I do not think that monks who have truly taken the path, that is, those who have gone towards it, rather ran away from something, do not experience pleasure. On the contrary, I think they experience an outstanding amount of pleasure every day, especially if they had been spiritually actualised - for person with eyes of "I-to-Thou", rather than "I-to-It", the world is ever new, nothing is ever the same, and as such, they are in a constant state of ecstasy. The divine fools such as mad dervishes, sadhus, yogis, could pursue such a life because there was pleasure in it. The teacher Osho has been met with much criticism, much of it perhaps reasonable, but I cannot help but agree with his following statement from his "The Original Signature, Sufis the People of the Path": "In a sexual love moment, for a single second, time disappears, space disappears. For a single moment ego disappears. For a single moment you are lost into the cosmos. That’s why there is so much joy, so much ecstasy. That’s what orgasm is – the individual is lost into the whole. But this happens only for a single moment, and not even always. So sex only opens a window and closes it again. You have to go beyond sex. Going beyond sex means going beyond the house, the confinement, going under the sun, going into the open sky. Then that ecstasy is yours, and it is constantly yours. A real saint, one whom I call a saint, is continuously in orgasm – that is my definition of a saint. His ecstasy is a natural phenomenon like breathing. You may not have ever heard a definition like that, but that’s my definition. Jesus or Buddha or Mohammed are continuously in an orgasm. They don’t need anybody, they don’t need to connect with anybody, they don’t need any kind of sexuality. Their energy is constantly orgasmic because they have disappeared into the whole. The part no more exists, no more claims to be the whole. The part has become the whole, the wave has become the ocean – and that is their orgasm, that is their ecstasy."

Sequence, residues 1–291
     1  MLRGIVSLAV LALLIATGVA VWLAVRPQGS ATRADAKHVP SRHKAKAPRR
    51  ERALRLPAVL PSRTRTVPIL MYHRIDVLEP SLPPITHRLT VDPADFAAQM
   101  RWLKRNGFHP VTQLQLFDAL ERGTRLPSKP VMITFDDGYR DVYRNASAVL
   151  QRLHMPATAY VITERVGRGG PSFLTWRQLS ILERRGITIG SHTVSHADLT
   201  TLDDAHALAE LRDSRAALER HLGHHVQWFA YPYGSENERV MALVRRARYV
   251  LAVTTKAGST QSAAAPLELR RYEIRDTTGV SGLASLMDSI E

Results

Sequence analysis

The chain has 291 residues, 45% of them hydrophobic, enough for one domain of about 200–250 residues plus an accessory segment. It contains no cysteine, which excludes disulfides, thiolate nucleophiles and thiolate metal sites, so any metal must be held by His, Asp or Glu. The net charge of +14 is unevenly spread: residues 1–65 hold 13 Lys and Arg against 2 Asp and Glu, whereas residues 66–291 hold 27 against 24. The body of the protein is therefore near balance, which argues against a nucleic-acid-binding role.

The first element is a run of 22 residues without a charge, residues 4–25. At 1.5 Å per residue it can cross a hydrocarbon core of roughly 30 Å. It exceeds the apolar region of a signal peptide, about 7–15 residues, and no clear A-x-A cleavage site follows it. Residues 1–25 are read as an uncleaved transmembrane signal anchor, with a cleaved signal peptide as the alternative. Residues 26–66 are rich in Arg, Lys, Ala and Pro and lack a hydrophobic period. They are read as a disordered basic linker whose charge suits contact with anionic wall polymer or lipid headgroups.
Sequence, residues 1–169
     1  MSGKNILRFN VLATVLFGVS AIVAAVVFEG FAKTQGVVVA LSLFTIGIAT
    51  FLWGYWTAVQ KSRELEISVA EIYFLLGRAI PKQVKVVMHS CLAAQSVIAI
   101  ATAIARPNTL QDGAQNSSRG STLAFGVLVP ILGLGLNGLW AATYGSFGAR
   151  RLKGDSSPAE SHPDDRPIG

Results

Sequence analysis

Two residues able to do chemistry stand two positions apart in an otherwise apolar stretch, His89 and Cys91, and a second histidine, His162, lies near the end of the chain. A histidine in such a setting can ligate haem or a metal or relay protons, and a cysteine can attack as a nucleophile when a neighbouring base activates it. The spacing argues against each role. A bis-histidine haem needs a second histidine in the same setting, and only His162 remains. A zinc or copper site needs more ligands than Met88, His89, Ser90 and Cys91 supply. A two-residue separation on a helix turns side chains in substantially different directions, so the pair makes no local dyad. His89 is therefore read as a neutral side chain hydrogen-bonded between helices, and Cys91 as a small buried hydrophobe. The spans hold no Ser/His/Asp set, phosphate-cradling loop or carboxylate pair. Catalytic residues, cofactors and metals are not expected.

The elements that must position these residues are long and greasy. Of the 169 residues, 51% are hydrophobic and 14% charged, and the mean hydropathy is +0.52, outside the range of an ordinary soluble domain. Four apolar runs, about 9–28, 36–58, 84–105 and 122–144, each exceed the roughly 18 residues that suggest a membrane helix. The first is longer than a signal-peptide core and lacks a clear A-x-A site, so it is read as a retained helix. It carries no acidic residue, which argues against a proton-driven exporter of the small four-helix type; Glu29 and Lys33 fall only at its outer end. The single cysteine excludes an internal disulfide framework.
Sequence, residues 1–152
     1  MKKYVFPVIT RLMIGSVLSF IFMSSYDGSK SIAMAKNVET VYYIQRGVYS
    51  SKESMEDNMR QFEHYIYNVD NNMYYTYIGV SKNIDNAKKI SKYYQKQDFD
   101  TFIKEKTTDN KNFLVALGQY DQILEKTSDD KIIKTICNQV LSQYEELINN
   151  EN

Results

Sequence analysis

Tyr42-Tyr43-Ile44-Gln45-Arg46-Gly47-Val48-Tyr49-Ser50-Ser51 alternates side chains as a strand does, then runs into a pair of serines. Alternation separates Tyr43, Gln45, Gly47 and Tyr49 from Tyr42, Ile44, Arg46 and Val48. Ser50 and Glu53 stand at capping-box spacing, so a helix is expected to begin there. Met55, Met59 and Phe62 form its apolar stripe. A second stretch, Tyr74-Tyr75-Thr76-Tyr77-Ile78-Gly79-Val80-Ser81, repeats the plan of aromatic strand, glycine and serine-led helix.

The orgasmic experience seems to occur naturally if we are to engage with the world. It is also necessary in order to create anything. It is a libido, a daimon, that brings everything into creation. It is often said that desire for power, war, sex, creation, destruction, all come from the same impulse, - those who are capable of creating are also capable of destroying. This impulse finds a way out in one way or another, and it is our conscious, reasonable, objective, detached minds that have the power to direct it in either direction. Creation is not simply the one of creating a child - humans have a chance to create and build beyond that which animal also can build - an invention, a new theory, a song, a poem, a building, a city plan, a strategy for how to win a battle. It is the ecstasy that serves the rational mind - an actualised, ideal human is perhaps the one who is within in the constat state of orgasm, but who without is Stoic, calm, reasonable, objective and resolute. It is a human who knows ecstasy, and knowing it, does not need to deliberately seek it in anything external. The ecstasy destroys the attachment to every thought that comes to the mind, but it does not turn the human into a slave to appetites.
Links: "The Memoirs of Hadrian", Marguerite Yourcenar "The Sufis", Osho